SoCal SOTA winter desert edition

I ran into Bill @N6OQ who suggested SOTAing Whale Peak W6/SD-046. Whale Peak is smack dab in the middle of Anza Borrego Desert State Park. Its location and generous height, 1 1/2 kilometers or so, means spectacular views of the coastal mountain range to the west, desert all around including fun bits like the AB badlands, and more desert and the Salton Sea to the east. I said that I was definitely in for Whale Pk, because it’s my secret shame that I’ve never hiked this San Diego marvel. (And, no, there won’t be photos of the view. Photos don’t do it justice.)

By the end of the week, our group had expanded to include Adam @K6ARK and Bill @N6MTB. Last minute carpooling had the 4 of us in Bill’s nice new truck. Clearance is recommended as the road to the trailhead is not quite so nice as some of the other ABDSP dirt roads.

Best thing about San Diego is that you can pick your temperature by moving east or west a few miles. The desert is often warm and sunny past the coastal range when coastal is cold and wet in the winter. :slight_smile: And we were just getting the last bit of awesome SD November weather before the start of the winter rains. This hike was perfect. No wind and forecast high of 61 F that felt like 68 F. Trail itself is about 2 miles and 1500 ft one way. A good amount of staircase in boulder littered streambeds and boulder littered hillsides made for a stairmaster workout, but this and the trail in general weren’t too technical and was just the right amount of workout to start the winter holiday.

On the way up, there was plenty of color from all of the plants. This is desert (less than 10 inches of rainfall per year), but not hard desert. Flowers dried and not offered interesting color.

dried flower arrangement

flower, unidentified

another flower, unidentified

buckwheat, specific variety unidentified

Along the way, plenty of pointy things to watch out for. This yucca and agave are obvious with their giant spears. That yucca may look tall, but your narrator is on the tall side, plus there were shorter examples along the trail. A careful lookout is needed to avoid serious injury!

yucca (above) and agave (below)

a better view of the agave from a rock above. ouch!

Hemostats were added to my hiking first aid kit after one of my first AB hikes. Saw one hiker pull an agave spear tip out of the hip of another with a pair of 'stats. Luckily only a minor injury.

And here’s a pretty, though pokey, looking plant, a cholla cactus. I’m sure we saw at least a couple of varieties.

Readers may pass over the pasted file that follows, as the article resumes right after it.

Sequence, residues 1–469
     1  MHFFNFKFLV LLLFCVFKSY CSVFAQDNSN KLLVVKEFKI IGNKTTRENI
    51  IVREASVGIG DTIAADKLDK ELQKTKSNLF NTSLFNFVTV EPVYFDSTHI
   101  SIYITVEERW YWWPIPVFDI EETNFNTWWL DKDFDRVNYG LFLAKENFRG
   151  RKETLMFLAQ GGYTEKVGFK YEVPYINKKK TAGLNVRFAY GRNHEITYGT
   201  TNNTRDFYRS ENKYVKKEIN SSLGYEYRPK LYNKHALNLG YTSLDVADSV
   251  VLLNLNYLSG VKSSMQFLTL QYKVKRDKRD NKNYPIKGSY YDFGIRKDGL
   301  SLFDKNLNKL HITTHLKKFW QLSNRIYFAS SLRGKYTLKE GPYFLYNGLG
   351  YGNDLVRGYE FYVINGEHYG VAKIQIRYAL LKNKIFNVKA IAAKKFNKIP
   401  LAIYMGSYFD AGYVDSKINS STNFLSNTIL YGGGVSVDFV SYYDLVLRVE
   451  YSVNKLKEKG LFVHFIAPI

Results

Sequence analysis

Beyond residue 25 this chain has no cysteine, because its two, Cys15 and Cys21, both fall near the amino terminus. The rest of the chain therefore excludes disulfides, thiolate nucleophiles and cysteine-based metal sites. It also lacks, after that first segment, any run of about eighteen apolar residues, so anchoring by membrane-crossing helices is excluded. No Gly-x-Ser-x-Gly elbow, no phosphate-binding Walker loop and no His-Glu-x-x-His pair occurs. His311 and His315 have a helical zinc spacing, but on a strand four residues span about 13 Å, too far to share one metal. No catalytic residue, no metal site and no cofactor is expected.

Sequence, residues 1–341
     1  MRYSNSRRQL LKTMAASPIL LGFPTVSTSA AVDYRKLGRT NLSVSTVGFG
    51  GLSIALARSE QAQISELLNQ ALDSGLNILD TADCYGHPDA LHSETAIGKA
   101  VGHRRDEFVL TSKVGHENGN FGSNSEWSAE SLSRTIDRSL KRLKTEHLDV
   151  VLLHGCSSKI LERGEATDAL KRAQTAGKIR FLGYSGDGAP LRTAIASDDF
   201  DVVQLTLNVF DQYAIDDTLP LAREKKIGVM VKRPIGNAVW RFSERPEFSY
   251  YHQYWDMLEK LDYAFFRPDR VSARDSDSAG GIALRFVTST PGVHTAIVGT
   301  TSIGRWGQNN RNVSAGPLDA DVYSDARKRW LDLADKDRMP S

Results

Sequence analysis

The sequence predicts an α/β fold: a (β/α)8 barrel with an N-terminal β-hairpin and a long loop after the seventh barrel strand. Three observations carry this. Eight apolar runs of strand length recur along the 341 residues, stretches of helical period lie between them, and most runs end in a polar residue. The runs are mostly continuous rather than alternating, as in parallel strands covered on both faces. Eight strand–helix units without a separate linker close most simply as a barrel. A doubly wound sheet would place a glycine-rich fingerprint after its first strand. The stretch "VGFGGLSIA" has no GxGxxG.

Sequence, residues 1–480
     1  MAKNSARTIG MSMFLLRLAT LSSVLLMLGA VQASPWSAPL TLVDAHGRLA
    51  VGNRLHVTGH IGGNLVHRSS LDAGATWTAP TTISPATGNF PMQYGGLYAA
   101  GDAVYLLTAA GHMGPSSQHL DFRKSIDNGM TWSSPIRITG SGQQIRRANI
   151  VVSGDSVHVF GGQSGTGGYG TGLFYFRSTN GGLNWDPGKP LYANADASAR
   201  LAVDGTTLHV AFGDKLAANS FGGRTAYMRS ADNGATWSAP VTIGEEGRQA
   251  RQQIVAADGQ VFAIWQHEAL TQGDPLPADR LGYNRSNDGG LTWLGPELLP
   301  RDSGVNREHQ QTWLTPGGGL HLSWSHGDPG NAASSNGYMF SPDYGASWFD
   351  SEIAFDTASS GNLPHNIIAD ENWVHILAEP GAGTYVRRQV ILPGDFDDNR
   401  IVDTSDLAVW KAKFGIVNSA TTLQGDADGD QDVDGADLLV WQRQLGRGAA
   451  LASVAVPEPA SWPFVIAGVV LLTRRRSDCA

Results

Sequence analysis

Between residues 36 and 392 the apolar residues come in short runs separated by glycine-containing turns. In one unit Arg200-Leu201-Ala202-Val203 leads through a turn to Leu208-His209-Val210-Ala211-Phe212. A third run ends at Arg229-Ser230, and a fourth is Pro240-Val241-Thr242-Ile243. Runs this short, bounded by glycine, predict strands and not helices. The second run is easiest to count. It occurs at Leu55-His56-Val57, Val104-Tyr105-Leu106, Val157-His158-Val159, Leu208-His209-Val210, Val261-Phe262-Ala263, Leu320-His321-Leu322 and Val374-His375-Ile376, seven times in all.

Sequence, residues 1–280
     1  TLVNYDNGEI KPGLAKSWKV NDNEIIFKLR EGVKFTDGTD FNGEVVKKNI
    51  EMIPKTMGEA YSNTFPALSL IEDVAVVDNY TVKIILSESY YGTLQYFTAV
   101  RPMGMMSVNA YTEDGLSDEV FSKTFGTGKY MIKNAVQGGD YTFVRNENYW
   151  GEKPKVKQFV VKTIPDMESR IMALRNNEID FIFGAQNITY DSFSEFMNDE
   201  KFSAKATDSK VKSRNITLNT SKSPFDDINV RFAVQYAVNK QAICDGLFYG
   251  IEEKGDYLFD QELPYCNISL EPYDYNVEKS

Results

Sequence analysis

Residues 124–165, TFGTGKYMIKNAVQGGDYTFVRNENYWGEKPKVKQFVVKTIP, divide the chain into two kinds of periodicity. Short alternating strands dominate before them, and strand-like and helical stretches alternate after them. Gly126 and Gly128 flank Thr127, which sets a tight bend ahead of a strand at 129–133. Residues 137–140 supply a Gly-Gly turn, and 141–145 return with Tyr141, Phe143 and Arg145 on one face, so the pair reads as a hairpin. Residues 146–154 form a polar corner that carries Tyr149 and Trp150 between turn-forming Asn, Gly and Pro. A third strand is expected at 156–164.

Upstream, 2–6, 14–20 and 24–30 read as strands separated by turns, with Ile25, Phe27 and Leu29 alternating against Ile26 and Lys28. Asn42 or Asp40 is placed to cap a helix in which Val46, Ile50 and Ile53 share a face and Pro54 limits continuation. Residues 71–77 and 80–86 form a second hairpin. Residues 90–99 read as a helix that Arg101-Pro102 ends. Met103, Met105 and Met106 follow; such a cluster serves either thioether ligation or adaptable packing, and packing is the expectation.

cholla, specific variety unidentified

Sure, I can see that coming, you say. Just walk around. No problem. So, check out these cottonballs littering the ground:

looks like cotton balls, but cholla cactus needle devils!

Those fall off of the plant. The needles have hooks and will stick to the toughest boot sole. If one’s pre-cholla natural stride has the heel of one foot pass close to the calf of the other leg, then the cottonball transfers to the calf through bluejeans or anything. I now carry a fine point set of surface mount tweezers in my hiking first aid kit. I have heard from wizened old desert rats that a pocket comb is handy for quickly removing the devilish cottonballs. Fine point tweezers are just the tool for individual needle removal.

At last, one arrives at the summit. Fortunately, we still have traffic signs out here to avoid getting lost. Or to let you know you didn’t end up where you were intended.

summit sign

The summit itself looks like this:

Whale Peak summit, staged photo

Except that was a staged photo. With 1/2 dozen SOTA vloggers in the county, it really looks like this:

summit with vlogger without squinting

summit with vlogger with squinting

Joking? No, 50% of our party are SOTA vloggers afterall. :slight_smile:

Everyone setup and started making contacts. N6MTB self spotted via inreach with the option to get recent SOTAWatch spots. The returned list consisted entirely of our own party. :slight_smile: We worked neighbour @WB6EDK /AM as he did a flyby. :slight_smile:

But oh, no, tragedy struck. I hauled out a full kit less one critical missing link! Fortunately with the large party, there was no worry. I borrowed a nicely modified Mountain Topper rig and antenna from K6ARK. The antenna is a work of art with optimized winder and super attention to details including the very slick very lightweight 3D printed link jumper. The rig had internal SWR meter and touch paddles. We passed at least one scrub oak with acorns along the trail, and I’ve sent with all sorts of paddles and keys, but I’ve never sent with acorn nuts.

this kind of acorn nuts

The touch paddle worked very well and was super easy to use. (See rainfall note above.)

Thanks K6ARK and N6MTB for rig time.

One lesson learned is never hike with SAR (search and rescue) folks. Do I really want to hear all the stories about things gone poorly? :slight_smile:

At home, sitting next to the 2nd HT that I chose not to take was the missing link.

missing link
missing link, the amp-hours

It was a nice day out with SOTA friends near and far.



Thanks for the S2S (I think between me and DJ we got all 3 of ya). Looks like a fun day. :beers: